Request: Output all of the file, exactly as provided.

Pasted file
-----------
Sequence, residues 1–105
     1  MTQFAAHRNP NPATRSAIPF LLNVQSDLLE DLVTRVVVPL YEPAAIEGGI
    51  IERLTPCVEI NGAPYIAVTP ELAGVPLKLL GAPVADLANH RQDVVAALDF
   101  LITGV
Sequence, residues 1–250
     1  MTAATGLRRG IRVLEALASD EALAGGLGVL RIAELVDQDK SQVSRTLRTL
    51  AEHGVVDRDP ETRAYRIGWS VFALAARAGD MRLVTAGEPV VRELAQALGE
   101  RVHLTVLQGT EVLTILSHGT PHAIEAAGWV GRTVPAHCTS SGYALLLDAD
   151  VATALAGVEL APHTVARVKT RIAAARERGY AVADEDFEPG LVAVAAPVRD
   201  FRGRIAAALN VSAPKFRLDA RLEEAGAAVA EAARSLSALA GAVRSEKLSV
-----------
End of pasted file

Sequence, residues 1–105
     1  MTQFAAHRNP NPATRSAIPF LLNVQSDLLE DLVTRVVVPL YEPAAIEGGI
    51  IERLTPCVEI NGAPYIAVTP ELAGVPLKLL GAPVADLANH RQDVVAALDF
   101  LITGV
Sequence, residues 1–250
     1  MTAATGLRRG IRVLEALASD EALAGGLGVL RIAELVDQDK SQVSRTLRTL
    51  AEHGVVDRDP ETRAYRIGWS VFALAARAGD MRLVTAGEPV VRELAQALGE
   101  RVHLTVLQGT EVLTILSHGT PHAIEAAGWV GRTVPAHCTS SGYALLLDAD
   151  VATALAGVEL APHTVARVKT RIAAARERGY AVADEDFEPG LVAVAAPVRD
   201  FRGRIAAALN VSAPKFRLDA RLEEAGAAVA EAARSLSALA GAVRSEKLSV